Enhancing Equity By Understanding Complexity: Socioeconomic Status And The Career Aspirations Of Middle-Years School Students

Year: 2015

Author: Holmes, Kathryn, Gore, Jennifer, Albright, James, Southgate, Erica, Smith, Max

Type of paper: Abstract refereed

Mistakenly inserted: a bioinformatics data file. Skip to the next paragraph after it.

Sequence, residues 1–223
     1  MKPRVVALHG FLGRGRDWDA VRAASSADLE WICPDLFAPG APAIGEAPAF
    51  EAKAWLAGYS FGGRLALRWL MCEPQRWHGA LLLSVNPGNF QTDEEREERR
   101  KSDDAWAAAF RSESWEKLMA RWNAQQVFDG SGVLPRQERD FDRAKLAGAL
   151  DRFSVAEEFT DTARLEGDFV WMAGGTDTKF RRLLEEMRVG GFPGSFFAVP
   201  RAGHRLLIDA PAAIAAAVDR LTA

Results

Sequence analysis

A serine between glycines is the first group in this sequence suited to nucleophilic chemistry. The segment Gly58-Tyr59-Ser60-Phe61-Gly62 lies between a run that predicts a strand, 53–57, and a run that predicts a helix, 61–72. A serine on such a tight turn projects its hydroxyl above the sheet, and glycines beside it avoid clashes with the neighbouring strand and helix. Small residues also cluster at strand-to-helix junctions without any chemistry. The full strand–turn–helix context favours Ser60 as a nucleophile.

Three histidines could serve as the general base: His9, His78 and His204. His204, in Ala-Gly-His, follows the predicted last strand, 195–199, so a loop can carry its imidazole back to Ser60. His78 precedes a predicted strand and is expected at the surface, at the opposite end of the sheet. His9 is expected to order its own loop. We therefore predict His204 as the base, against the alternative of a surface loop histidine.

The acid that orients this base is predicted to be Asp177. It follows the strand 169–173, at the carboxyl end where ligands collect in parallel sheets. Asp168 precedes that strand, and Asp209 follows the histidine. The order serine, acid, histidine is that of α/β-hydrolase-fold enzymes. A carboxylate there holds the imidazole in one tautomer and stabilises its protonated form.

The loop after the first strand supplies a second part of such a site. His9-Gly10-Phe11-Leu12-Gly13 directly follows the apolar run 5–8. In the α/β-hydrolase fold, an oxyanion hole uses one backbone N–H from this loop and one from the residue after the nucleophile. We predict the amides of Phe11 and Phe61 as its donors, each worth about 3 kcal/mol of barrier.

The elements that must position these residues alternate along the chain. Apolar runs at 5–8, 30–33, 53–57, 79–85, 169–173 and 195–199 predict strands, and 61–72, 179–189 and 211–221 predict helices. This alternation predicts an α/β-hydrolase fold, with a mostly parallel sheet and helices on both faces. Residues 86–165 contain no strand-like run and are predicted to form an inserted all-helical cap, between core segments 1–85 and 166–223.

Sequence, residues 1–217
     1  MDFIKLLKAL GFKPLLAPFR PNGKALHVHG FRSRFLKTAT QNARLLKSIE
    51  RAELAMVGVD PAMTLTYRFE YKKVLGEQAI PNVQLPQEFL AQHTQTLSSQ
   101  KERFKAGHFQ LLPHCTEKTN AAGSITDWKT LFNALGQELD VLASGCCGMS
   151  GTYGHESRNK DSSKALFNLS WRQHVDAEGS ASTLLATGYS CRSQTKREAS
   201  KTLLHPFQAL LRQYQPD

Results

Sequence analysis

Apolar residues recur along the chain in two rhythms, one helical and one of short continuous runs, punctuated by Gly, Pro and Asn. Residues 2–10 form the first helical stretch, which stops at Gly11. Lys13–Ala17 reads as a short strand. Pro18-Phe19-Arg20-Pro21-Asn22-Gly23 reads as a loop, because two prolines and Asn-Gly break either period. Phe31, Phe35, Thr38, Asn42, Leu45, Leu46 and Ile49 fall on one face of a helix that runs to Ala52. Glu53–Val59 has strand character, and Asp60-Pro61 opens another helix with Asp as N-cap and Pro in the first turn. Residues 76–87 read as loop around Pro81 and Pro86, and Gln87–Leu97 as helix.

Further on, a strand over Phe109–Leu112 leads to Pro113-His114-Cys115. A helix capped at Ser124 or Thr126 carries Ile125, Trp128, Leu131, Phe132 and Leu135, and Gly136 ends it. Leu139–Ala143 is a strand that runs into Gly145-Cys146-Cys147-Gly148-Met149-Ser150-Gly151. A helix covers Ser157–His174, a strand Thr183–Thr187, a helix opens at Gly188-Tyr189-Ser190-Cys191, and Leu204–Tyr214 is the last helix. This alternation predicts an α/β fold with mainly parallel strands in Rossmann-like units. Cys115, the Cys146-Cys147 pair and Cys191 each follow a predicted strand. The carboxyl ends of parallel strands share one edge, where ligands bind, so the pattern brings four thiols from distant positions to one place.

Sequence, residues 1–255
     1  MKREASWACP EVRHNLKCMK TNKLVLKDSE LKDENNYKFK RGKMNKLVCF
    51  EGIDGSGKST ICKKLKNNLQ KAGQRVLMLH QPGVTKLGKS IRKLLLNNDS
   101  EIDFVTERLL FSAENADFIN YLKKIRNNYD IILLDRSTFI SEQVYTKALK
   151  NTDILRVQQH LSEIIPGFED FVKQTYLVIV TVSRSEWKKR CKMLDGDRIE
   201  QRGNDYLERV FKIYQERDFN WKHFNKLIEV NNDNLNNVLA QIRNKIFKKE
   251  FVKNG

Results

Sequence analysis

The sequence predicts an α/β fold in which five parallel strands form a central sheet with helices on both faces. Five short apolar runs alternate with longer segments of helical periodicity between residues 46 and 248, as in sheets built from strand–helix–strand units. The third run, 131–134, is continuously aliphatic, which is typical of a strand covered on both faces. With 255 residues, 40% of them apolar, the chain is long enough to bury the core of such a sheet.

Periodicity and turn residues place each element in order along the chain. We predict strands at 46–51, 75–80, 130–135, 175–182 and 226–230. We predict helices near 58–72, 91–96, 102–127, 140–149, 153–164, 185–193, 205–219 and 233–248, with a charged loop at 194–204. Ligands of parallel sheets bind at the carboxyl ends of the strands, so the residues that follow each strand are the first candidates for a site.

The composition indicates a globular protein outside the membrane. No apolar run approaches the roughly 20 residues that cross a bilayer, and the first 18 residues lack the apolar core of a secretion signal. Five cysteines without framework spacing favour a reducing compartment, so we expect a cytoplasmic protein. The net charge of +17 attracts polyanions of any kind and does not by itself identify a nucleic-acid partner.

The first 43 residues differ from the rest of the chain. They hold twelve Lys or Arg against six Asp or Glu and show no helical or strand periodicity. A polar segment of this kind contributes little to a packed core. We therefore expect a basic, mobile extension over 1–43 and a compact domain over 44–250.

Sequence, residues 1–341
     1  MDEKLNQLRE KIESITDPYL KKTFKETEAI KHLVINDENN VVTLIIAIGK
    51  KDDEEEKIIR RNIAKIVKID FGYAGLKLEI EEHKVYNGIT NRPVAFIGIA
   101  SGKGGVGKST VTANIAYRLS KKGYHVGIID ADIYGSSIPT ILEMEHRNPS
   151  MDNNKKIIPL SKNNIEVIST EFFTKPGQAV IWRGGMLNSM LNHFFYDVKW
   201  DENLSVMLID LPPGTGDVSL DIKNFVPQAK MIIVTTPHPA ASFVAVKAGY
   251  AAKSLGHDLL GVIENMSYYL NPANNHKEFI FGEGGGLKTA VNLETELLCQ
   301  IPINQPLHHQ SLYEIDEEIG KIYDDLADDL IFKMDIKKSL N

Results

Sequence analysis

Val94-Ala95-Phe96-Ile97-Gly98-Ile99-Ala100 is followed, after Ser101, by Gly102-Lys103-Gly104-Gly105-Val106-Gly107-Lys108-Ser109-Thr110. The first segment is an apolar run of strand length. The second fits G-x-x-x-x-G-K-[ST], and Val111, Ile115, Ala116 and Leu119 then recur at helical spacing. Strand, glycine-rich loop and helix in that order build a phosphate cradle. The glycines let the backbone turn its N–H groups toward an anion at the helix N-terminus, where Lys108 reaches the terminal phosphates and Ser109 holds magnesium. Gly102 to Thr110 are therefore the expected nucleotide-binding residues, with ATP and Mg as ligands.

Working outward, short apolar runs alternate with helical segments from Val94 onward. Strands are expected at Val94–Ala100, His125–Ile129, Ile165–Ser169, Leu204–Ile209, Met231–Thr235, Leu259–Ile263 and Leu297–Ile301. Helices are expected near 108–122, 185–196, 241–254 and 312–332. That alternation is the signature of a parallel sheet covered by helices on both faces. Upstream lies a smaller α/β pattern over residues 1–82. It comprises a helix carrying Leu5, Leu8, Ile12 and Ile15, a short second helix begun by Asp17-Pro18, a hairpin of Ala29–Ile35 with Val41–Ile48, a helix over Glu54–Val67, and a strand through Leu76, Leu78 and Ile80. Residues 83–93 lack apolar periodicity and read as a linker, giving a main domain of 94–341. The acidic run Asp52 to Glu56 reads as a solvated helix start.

Despite significant shifts in focus, Australian government agendas continue to espouse targets for greater equity, in general, and broadening participation in higher education in particular. Targets for greater participation in degree-level education have produced a flurry of university outreach activity focused on raising the aspirations of secondary school students, especially those from low socioeconomic status (SES) backgrounds. While most previous Australian studies have investigated students’ educational and career aspirations in the later years of high school, few studies have systematically examined their earlier formation in the middle years of schooling (schools Years 3-9). We report on our ARC Linkage project which is gathering data from students, teachers, and parents from diverse settings throughout NSW in order to investigate socioeconomic influences on the emerging aspirations of students in the middle years. A ‘composite capital construct’ juxtaposing the theories of Bourdieu (1986) and Becker and Tomes (1986) was used to theoretically frame the investigation. Drawing on data from a mixed-method longitudinal study of more than 6000 students in Years 3-12 in New South Wales public schools, we map the intersection of students’ career aspirations with SES and other demographic variables. Our analyses question two key assumptions about outreach activities: first, that students from low-SES backgrounds hold lower career aspirations; and second, that these activities appropriately target secondary school students, given that younger students’ aspirations are relatively under-developed. Our analyses demonstrate both the early solidification of students’ aspirations and the significant, but complex, impact of socioeconomic differences. This work contributes to the evidence base for academic, educational, and political work on access to higher education and the policies, practices, and outcomes that might ensue.